Call it shit, crap, poop, or dung.
Whatever you call it, composted manure is one of the most nutrient-rich, sustainable amendments you can add to your garden.
Many types of animal manure are rich in the nutrients all plants need — nitrogen, phosphorus, and potassium — plus microbes that are great for healthy soil. And, importantly, composted manure provides all those benefits in a form that your garden soil digests over time, as opposed to the quick hit of macro-nutrients that some synthetic fertilizers offer.
There are, however, some disadvantages and concerns involved with using manure in home gardens.
First, it’s important to understand the stages that manure goes through. Fresh manure is high in nitrogen compounds and ammonia that can burn plants and initially inhibit seed germination. Aged manure has been stored for at least six months, allowing some of that nitrogen and ammonia to break down. It’s still nutrient-rich but can also still burn plants. To be considered “composted,” manure must be heated to 145 degrees Fahrenheit and turned enough so that the entire pile has heated through.
While manure can be a great source of nutrients, it does also have some drawbacks. While we tend to think of manure as organic matter, if it comes from non-organic farms or other sources, it may contain residue of pesticides, antibiotics, or other medications that were given to the animals.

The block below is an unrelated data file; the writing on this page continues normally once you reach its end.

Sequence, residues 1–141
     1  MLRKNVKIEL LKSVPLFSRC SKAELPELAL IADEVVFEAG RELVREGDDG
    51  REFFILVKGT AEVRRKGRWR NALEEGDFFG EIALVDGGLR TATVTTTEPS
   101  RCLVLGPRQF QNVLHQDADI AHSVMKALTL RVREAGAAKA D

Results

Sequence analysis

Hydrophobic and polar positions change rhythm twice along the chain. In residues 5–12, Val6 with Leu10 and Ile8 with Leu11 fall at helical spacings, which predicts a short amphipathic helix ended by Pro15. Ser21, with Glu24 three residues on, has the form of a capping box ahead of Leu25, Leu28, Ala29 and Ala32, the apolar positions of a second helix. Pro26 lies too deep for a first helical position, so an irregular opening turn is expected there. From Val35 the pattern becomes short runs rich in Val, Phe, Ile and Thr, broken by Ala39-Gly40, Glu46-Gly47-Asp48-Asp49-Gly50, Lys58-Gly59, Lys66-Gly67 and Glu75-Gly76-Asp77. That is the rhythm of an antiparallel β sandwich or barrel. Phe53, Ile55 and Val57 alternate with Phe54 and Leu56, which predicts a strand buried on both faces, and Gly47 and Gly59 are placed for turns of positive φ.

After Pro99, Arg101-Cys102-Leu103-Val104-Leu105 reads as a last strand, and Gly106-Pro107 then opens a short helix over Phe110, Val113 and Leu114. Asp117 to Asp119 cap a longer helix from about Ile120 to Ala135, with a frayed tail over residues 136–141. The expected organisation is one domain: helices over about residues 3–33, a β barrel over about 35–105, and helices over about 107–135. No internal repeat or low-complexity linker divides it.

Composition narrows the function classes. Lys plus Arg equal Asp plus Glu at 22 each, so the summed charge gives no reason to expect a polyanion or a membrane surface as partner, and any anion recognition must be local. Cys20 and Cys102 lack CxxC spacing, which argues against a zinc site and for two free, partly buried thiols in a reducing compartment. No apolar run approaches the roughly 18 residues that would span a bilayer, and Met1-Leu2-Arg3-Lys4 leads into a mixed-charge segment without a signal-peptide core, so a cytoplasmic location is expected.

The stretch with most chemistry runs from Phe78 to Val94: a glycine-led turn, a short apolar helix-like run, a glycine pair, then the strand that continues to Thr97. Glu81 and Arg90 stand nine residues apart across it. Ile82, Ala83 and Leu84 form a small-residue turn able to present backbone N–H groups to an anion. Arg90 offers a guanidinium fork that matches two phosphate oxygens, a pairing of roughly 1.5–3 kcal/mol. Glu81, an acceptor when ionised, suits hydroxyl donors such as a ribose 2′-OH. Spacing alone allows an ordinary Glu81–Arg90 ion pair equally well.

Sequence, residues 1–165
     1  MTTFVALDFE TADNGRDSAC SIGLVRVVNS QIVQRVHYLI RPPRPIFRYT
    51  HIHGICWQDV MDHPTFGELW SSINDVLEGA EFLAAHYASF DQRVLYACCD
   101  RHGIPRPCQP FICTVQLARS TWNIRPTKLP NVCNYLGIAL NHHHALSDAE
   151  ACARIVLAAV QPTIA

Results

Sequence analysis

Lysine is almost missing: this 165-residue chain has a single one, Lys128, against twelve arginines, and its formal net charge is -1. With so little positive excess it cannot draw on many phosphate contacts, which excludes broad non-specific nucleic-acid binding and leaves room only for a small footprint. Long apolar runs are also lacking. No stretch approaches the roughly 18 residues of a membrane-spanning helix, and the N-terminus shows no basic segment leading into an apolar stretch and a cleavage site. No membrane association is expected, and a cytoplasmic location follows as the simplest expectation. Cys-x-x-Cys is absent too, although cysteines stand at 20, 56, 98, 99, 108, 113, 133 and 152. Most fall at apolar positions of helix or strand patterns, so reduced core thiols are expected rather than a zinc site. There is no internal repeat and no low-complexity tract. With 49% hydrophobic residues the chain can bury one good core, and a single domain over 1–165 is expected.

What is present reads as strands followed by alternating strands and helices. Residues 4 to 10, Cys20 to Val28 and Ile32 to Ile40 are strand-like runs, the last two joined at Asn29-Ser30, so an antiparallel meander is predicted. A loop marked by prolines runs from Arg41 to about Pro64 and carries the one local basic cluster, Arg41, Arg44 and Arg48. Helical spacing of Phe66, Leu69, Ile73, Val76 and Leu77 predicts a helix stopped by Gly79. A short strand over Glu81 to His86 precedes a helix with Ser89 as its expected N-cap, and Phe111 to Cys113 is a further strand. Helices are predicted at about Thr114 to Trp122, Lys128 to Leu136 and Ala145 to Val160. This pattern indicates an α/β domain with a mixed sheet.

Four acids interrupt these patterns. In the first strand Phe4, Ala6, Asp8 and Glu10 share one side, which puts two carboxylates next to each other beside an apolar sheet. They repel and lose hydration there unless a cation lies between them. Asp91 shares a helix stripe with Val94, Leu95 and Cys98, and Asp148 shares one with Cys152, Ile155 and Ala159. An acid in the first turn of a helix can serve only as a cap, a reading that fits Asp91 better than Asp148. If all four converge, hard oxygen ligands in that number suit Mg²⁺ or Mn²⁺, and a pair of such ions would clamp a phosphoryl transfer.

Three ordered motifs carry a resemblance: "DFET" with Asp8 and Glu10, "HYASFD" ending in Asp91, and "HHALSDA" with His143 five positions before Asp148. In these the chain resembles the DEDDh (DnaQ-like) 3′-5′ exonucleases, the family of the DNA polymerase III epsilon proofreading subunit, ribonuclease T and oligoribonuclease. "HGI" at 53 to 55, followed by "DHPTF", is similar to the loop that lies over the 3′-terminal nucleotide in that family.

In addition, if it was not composted to a high enough degree, it may carry harmful pathogens like E. coli, listeria, or salmonella, which can be particularly dangerous for children. And manure that has not been completely composted is notorious for being a source of spreading weed seeds, which can turn your garden beds into a weed patch.
In spite of those drawbacks, manure can be a useful addition to your soil if you practice a few simple tips:
- Never use raw manure of any kind in your home garden.
- Don’t use manure from cats, dogs, or other meat-eating animals in the garden. They can contain harmful pathogens. And (need I really say this?) never use human manure in the garden.
- If you use aged manure, it should be aged for a minimum of six months, and you should wait at least one month following application before planting.
- If you use composted manure, apply it at a rate of 40 pounds per 100 square feet, and work it into the soil to a depth of 6 to 9 inches.
- If you want to obtain fresh manure for composting, the best sources are local farms, zoos, or stables. Manure composts best when it is mixed with bedding materials like straw. Be sure to wear gloves and washable rubber boots when handling fresh manure, and wash your hands carefully afterward.
- Want to know which animal produces the most nutrient-rich manure? Rabbits! Next on the list are chickens, followed (in order) by sheep, horses, cattle, ducks, and pigs.